Sanders slams Buttigieg in New Hampshire over 'billionaire donors,' as race tightens

MANCHESTER, N.H. – With his lead shrinking in the latest New Hampshire polls, Sen. Bernie Sanders on Friday for the first time took aim at Democratic presidential nomination rival Pete Buttigieg, whose support in the state has soared this week coming out of Iowa.

The populist senator from Vermont – who tops the Democratic primary race for campaign cash thanks to a massive infusion of small-dollar grassroots donations – criticized the former South Bend, Indiana mayor’s financial support from top-dollar contributors as he headlined the famed ‘Politics and Eggs’ speaking series in the state that holds the first primary in the White House race.

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Pointing to recent coverage of Buttigieg, Sanders said: “I'm reading some headlines from newspapers about Pete Buttigieg. Pete Buttigieg has the most exclusive billionaire donors of any Democrat ... that was from Forbes. The Hill: Pete Buttigieg tops billionaire donor list. Fortune: Pete Buttigieg takes lead as big business candidate in 2020 field. Washington Post: Pete Buttigieg lures even closer look from Wall Street donors following strong Iowa Caucus performance. Forbes Magazine: here are the billionaires backing Pete Buttigieg's presidential campaign.”

The public donor shaming marked a significant turn in a race that, in the wake of the Iowa caucuses, has abruptly shifted into a battle between the democratic socialist and the ex-mayor who has steadily risen from a dark horse candidate to the top tier. Both candidates have claimed victory in Iowa's disputed contest, and both have momentum going into New Hampshire's primary on Tuesday -- making a clash all but inevitable.

“I like Pete Buttigieg, nice guy. But we are in a moment where billionaires control not only our economy but our political life,” added Sanders, who’s long taken aim at Wall Street and the billionaire class. His campaign literature and signs include the slogan “Paid for by Bernie 2020, not the billionaires.”

Democratic presidential candidate Sen. Bernie Sanders of Vermont headlines the 'Politics and Eggs' speaking series at the New Hampshire Institute of Politics in Manchester, N.H., on Feb. 7, 2020

Democratic presidential candidate Sen. Bernie Sanders of Vermont headlines the 'Politics and Eggs' speaking series at the New Hampshire Institute of Politics in Manchester, N.H., on Feb. 7, 2020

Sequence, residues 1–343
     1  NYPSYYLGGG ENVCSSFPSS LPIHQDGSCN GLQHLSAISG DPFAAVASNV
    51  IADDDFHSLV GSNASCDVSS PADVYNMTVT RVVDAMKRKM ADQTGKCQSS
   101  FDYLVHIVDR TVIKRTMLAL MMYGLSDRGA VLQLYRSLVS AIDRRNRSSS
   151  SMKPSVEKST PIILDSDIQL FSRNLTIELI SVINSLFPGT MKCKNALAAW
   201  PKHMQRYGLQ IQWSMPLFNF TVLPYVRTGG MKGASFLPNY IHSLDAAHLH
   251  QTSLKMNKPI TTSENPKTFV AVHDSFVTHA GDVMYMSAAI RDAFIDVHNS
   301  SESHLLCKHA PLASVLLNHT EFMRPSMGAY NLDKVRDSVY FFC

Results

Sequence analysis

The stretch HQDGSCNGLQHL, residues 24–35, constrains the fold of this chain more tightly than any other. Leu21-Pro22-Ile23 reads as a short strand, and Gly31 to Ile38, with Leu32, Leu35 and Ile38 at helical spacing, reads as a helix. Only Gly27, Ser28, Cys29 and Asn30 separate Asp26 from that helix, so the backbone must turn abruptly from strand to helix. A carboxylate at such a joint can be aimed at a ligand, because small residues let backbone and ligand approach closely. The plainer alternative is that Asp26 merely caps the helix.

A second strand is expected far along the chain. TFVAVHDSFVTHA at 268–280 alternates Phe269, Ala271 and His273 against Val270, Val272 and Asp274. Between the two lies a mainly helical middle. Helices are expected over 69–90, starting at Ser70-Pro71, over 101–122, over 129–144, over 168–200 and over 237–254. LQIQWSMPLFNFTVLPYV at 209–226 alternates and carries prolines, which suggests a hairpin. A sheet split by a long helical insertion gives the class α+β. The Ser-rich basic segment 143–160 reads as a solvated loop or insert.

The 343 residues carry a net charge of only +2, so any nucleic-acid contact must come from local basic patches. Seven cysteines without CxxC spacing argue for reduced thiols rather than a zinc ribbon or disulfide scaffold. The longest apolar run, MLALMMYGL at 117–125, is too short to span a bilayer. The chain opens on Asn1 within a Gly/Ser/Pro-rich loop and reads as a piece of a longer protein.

Sanders usually refrains from direct attacks on his Democratic nomination rivals, which makes his Friday jabs at Buttigieg even more noteworthy.

This isn’t the first Buttigieg has faced fire over his big-bucks supporters. Sen. Elizabeth Warren of Massachusetts famously criticized Buttigieg at December’s debate for a top-dollar fundraiser at a wine cave.

Buttigieg – in an appearance Thursday night on the ‘Late Show with Stephen Colbert,’ spotlighted that "I'm not a fan of the campaign finance system we have today.”

And he pledged that “I will make exactly one promise to anybody, whether they're giving three bucks online or the maximum allowable by law, and the promise is I'm going to take that contribution and I'm going to use it to build the campaign that's going to defeat Donald Trump so that we can actually get the reforms that this country needs."

The 38-year old Buttigieg – who’s four decades younger than Sanders – has soared in the latest polls in New Hampshire, which holds the first primary in the White House race. He stands at 23 percent in the latest Suffolk University/WBZ-TV/Boston Globe daily tracking poll of likely Democratic primary voters in New Hampshire, just 1 percentage point behind Sanders. Buttigieg’s surged 8 points in the past two nights, while Sanders' support is virtually unchanged.

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A Monmouth University poll released earlier on Thursday showed Sanders with 24 percent support and Buttigieg just 4 points back.

Both candidates have declared victory in Monday’s Iowa caucuses, with Sanders spotlighting his lead in the raw vote totals and Buttigieg highlighting his slight edge in state delegate equivalents.

The results in Iowa – delayed after a technical debacle – have been trickling out all week.

Sanders spoke hours before Friday night’s Democratic presidential primary debate, the last prime-time showdown before Tuesday’s primary.